I'm fine doing it with a perl command, if I can get it to work, but I was hoping for some grep way to do it since I'm trying to get more familar with the syntax.



Accepted Solution

mcmarks earned 250 total points
ID: 18828836
grep can't extract text from a line.  It only returns complete lines.  In your response it looks like you missed the space between perl and -lne.  This line works for me:

cat em | perl -lne 'print $1 if/^<(.*?)>/' >> bounces.txt

where my source file is named em

Transaction Monitoring Vs. Real User Monitoring

Synthetic Transaction Monitoring Vs. Real User Monitoring: When To Use Each Approach? In this article, we will discuss two major monitoring approaches: Synthetic Transaction and Real User Monitoring.


Expert Comment

ID: 18828880
You could also use awk:

cat em | awk 'BEGIN{FS="<|>"} ; /^<(.*)>/{print $2}'


awk 'BEGIN{FS="<|>"} ; /^<(.*)>/{print $2}' em

where em is the file you are processing.

Author Comment

ID: 18828987
ah ... "grep only returns complete lines" ... thanks. That's a limitation of how it works in bash or from any CLI? (that you can't tell it to just return the result of the pattern match?)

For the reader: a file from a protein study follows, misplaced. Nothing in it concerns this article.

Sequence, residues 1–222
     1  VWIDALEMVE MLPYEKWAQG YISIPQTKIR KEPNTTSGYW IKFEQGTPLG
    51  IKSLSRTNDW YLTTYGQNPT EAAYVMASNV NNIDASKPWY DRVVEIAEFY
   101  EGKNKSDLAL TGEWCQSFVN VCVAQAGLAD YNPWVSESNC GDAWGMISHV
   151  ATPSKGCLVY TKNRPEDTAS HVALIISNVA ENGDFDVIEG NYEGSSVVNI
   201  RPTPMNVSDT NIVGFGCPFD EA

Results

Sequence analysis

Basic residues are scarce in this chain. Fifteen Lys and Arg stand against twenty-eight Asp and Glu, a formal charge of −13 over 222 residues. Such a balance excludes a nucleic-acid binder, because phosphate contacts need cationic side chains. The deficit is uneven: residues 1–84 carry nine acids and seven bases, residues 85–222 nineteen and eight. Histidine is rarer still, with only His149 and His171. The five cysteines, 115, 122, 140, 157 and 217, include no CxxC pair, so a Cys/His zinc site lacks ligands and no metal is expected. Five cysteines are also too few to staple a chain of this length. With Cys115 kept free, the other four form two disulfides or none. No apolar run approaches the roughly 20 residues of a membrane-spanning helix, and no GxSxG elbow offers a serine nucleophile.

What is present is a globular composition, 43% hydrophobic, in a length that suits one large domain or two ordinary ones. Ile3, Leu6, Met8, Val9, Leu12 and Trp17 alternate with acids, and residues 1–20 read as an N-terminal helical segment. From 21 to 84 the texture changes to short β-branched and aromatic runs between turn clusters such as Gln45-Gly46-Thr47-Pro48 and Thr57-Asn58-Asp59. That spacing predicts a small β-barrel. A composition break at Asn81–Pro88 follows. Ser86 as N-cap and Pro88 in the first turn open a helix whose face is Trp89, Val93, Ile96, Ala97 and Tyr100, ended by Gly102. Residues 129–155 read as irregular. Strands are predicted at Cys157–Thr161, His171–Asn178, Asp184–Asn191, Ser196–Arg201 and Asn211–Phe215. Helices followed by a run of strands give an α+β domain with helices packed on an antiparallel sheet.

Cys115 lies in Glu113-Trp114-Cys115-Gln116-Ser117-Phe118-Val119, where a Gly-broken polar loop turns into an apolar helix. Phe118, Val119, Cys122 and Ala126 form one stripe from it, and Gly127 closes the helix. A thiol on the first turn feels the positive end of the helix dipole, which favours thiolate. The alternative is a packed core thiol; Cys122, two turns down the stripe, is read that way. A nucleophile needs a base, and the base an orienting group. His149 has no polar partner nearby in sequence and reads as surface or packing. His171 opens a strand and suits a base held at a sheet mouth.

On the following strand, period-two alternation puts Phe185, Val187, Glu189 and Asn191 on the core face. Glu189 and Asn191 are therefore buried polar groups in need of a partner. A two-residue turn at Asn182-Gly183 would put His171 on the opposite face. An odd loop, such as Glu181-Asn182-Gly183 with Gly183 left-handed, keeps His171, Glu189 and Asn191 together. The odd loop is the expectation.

You're right, I was missing a space. I ran the same perl command (using my source file name) that you provided and it didn't cause an error this time.

I had to add some other code to get it to work in Terminal ... some mumbo jumbo about linefeeds that a friend told me about, otherwise the file it creates is blank. Here's what I used in the end ... the source file is a Eudora mailbox called "bouncing":

cat bouncing | tr "^M" "
" | perl -lne 'print $1 if/^<(.*?)>/' | sort -u >> ~/Desktop/tobounce4.txt

Worked great! Thanks!

LVL 48

Expert Comment

ID: 18833764
GNU grep has the

-o --only-matching option to only display the pattern matched by the grep string.


Author Comment

ID: 18834063
Tintin, so would it be possible to use the -o command with grep in terminal?
LVL 48

Expert Comment

ID: 18834106
If OSX has GNU grep or a version of grep that has the -o option, then the answer is yes.

Author Comment

ID: 18834114
Gee that sounds like a good question for the OS X section on experts exchange.... ;-)
LVL 48

Expert Comment

ID: 18834228
Just type in

grep -o